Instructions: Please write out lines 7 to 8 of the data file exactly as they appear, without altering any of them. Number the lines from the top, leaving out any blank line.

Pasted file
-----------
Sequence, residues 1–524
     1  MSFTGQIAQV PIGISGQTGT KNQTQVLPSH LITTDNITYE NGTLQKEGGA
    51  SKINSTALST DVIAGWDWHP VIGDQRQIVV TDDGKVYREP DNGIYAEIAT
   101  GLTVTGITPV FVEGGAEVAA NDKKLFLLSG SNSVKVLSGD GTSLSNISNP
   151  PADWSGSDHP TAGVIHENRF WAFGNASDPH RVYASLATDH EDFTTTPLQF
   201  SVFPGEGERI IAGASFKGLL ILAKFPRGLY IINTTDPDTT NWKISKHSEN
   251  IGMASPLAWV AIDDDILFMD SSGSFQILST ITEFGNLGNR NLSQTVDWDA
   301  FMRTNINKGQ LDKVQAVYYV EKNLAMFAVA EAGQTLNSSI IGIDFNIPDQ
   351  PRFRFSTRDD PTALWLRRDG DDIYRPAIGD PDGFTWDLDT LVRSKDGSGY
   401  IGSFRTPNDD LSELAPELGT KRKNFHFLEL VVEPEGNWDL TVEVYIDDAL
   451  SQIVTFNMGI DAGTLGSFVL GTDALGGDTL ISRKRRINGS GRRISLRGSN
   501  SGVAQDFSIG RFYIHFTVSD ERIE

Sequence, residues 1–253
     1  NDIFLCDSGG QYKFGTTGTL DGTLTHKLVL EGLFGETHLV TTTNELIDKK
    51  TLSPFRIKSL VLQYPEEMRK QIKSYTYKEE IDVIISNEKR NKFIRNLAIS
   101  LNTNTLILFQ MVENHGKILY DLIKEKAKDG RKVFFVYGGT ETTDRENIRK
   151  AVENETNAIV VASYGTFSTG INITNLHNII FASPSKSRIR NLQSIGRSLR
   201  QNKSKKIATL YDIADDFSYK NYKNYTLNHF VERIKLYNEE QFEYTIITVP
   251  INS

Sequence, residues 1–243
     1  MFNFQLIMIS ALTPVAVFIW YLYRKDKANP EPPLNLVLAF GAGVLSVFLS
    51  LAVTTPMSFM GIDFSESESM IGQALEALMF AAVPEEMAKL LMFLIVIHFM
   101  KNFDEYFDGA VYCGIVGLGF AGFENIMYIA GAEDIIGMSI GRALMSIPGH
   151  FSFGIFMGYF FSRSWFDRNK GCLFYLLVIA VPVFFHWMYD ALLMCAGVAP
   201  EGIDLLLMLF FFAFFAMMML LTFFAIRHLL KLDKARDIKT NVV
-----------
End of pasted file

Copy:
   251  IGMASPLAWV AIDDDILFMD SSGSFQILST ITEFGNLGNR NLSQTVDWDA
   301  FMRTNINKGQ LDKVQAVYYV EKNLAMFAVA EAGQTLNSSI IGIDFNIPDQ